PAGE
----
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1839.] COTTAGERS' PRIZES.
27 it; but the greater number of them are far better for it. When nothing was known in this country but spinning and knitting and weaving by hand, there was nothing like the number of poor people employed that find work now in the manufactories; and, if all the work were now to be done in the old way, the prices would be so heavy that we should soon see which was best for us. Indeed, other nations, that have machines, would so undersell us, that there would be no demand for our articles, and the poor would be brought to entire ruin; there would be no purchasers for their work. The consequences that would arise from the destruction of machinery in this country, are described by Mr. W. J. Fox in his lectures in the following strong terms:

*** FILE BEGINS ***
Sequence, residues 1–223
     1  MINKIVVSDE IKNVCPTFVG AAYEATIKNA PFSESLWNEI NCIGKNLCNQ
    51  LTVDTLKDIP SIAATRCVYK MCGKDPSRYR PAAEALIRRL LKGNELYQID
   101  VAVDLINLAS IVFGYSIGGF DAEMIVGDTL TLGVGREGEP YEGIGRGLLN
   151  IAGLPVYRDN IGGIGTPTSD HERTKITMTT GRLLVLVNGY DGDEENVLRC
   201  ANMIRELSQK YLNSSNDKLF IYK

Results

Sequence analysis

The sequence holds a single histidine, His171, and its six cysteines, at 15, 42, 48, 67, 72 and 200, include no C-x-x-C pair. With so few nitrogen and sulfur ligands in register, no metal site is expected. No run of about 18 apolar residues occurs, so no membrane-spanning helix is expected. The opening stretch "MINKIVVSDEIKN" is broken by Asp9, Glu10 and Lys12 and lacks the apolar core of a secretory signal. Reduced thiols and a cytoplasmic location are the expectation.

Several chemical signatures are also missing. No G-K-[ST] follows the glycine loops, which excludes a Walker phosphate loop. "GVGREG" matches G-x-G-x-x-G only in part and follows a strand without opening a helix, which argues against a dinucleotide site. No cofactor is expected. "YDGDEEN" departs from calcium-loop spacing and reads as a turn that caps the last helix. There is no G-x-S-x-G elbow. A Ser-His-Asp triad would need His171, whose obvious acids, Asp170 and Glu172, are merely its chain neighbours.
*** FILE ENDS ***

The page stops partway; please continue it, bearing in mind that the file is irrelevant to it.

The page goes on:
"Could the machinery of this country be, by one stroke of a giant-arm, annihilated, what tongue could tell the tremendous results of misery that would instantly be realised ? Earth has never yet seen; no siege of a city, however protracted; no war, however bloody and desolating; no revolution, however wild and ferocious, has ever shown a parallel for the misery that would instantly descend upon the heads of millions. The means not only of clothing, but of food and migration, would instantly fail us ; we should be shut
from the rest of the world, we should be reduced to a state of complete ruin. The hostility to machinery, to be consistent, must be universal. Each class of workmen has the same right; and, if the agricultural labourer be justifiable in destroying the threshing machine, the weaver has a right to destroy the power loom; the printers' pressman would be right in destroying the steam press; the waterman would be right in dismantling the steam vessel ; and so throughout the whole compass of society we should be thrown back into a state of privation, helplessness, and utter barbarism.”